Christmas Memories

Oyster Stew…. When I was a kid Christmas Eve was always Campbell’s Frozen Oyster Stew… If you were lucky in a family of four two of you got one oyster each. But my mother who believed butter was the solution to nearly everything involved with cooking added enough butter that it made the soup so rich that the lack of meat was not a problem and almost unbelievably in our wealthy society today, oyster crackers were a treat. In my memories oyster crackers were something special in the early 50’s
My father always wrapped in tissue paper. Layer upon layer of tissue paper covered each present so snoopy children couldn’t see through it no matter how hard you tried. The packages were always very carefully and precisely wrapped and opening and re-taping tissue paper doesn’t come out well. My most memorable Christmas present from my youth was a tin garage that was held together with the little foldable razor sharp metal tabs that almost guaranteed that whoever put it together would need a blood transfusion after construction.
Biggest mistake at Christmas would be the year that as a teenager I decided that I didn’t want to go visit the family in Denver and stayed home by myself. My lack of understanding and the loneliness of that time still haunts me.
Tinsel hanging was always done one strand at a time and was hung with care on each individual branch not “thrown” at the tree. Putting on the lights was serious business not left to kids! However you were allowed to string the lights out on the floor to test them before being put on the tree
Christmas tree selection was a process requiring much shaking and discussion most trees appeared to be the tops of pines and spruce that were unusable in lumber production and so became Christmas trees. I can still picture my father drilling holes in the trunk and sticking in branches to fill in holes that even the most carefully hung tinsel could not hide. I can also remember the discussion of which side needed to be against the wall or in the corner. My job was to keep the tree watered
Bayberry candles on the mantel piece
Stockings full of walnuts and oranges… no candy, no presents, no toys…… oranges and walnuts.
Christmas was on Christmas day… no early opening,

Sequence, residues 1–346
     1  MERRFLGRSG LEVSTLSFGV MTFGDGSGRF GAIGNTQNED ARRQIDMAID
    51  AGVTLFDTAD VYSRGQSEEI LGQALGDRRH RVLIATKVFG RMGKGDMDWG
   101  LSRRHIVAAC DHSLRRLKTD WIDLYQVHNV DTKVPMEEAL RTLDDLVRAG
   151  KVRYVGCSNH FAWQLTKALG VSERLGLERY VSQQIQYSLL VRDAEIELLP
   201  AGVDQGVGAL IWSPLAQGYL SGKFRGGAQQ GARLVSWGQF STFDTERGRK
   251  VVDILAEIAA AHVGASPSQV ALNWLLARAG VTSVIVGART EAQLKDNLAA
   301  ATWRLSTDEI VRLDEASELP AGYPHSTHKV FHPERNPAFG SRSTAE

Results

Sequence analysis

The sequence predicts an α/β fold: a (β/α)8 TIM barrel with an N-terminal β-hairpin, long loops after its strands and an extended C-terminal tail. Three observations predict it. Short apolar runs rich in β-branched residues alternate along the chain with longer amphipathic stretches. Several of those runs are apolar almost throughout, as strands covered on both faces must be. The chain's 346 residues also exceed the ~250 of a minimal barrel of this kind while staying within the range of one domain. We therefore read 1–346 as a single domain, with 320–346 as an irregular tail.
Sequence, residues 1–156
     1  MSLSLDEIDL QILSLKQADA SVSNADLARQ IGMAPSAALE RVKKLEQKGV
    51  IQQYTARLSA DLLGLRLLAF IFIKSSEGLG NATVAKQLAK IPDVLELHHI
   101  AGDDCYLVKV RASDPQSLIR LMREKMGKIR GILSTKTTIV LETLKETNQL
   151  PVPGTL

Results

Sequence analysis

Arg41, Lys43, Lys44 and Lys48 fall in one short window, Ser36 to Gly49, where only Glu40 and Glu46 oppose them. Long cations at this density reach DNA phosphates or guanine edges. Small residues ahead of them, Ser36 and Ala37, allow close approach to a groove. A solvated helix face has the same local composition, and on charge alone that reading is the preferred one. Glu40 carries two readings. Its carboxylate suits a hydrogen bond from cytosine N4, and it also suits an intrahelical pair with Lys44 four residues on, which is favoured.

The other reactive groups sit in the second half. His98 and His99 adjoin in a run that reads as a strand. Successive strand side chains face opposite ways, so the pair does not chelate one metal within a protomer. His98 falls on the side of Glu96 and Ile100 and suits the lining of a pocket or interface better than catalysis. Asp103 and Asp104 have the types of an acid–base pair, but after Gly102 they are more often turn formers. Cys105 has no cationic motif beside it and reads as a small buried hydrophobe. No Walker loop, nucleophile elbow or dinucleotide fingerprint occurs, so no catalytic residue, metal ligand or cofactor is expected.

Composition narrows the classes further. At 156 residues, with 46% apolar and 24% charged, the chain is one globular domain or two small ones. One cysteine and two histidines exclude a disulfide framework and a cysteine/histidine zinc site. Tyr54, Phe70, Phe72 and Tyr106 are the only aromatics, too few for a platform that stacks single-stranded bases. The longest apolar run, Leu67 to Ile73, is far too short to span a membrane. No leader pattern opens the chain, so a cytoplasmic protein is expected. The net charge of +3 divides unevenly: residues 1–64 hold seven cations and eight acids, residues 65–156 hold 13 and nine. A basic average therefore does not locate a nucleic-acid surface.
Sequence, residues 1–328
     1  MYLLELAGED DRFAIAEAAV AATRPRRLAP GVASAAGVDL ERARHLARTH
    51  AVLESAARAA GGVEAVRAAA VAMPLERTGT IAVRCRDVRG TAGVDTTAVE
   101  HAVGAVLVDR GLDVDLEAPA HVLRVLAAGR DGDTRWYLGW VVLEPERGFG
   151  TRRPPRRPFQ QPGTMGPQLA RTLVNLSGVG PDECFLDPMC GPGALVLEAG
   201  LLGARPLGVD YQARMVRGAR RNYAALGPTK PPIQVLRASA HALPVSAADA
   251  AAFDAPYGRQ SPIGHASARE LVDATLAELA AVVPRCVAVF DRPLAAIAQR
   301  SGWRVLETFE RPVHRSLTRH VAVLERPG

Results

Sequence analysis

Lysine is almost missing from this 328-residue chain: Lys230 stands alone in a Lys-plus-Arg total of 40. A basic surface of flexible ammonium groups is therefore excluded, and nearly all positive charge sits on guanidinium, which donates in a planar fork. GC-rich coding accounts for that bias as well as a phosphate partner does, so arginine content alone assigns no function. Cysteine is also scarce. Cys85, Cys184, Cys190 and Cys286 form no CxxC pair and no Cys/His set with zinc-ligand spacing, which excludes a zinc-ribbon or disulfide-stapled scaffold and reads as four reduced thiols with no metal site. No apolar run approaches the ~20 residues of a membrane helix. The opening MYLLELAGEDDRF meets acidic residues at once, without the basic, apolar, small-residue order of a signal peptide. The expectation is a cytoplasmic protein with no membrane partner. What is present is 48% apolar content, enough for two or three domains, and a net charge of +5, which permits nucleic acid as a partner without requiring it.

Cars with a big red bow on top were not given as a Christmas presents nor were they identified by some commercial jingle that everyone recognized meant that they were getting a car for Christmas
Christmas dinner was a turkey that usually lasted through New Years….. Pumpkin pie came plain no cool whip or whipped cream…. Mince meat pie was also a requirement but even 60 years ago almost no one ate it.
Outside decorations were large bulbs that unfortunately made a nice popping sound when thrown on the concrete in the street
Christmas candy was of the sliced hard rope kind with a little tree in the middle
My best friend got an artificial tree, it was the first one I had ever seen and it was both wonderful and scary at the same time. Silver with a rotating light under it that changed its color every few seconds. I can still picture it in their front window
Fruit cake was a standard long distance gift. We received one from my uncle every year and every year my father would take last years unopened one out of the refrigerator and replace it with the new one.
I didn’t ever get the BB rifle I asked for
Dates and Figs – For some reason dates and figs are associated with Christmas in my mind, I would not eat either now except in a “Fig Newton” but I know I ate them then because they were sweet and we didn’t get many sweet things.
Flash bulbs are associated in my mind with Christmas… the big blue ones for indoor photography. (If you are under 40 years old you may have never seen a flash bulb.
Perhaps the most important part of Christmas was a sense of peace and happiness that I too often find missing in the hustle-bustle business of Christmas today. Perhaps it is just my perceptions that have changed but it seemed different….. Christmas morning, my dad in his pajamas and striped bath robe my mom always with bow from the first package stuck in her hair, it is strange that those are my most clear memories of Christmas long ago, not the presents I got, except for the tin gas station/ garage (it had a working elevator with a hand crank and bell). What, I wonder, will our children and their children remember about Christmas?


About safrisri

I was a school teacher until retirement. I have taught at all educational levels from pre-school to college. My college degree is general science which I arrived at after 5 years and 5 different majors. A degree as it turns out, almost as valuable and in demand as one in Neo-Bulgarian Mythology. I have been around education for around 40 years and can remember when teaching was a pleasant, happy and creative job and our schools were the same. Now I'm the guy sitting on the porch with an opinion on everything.
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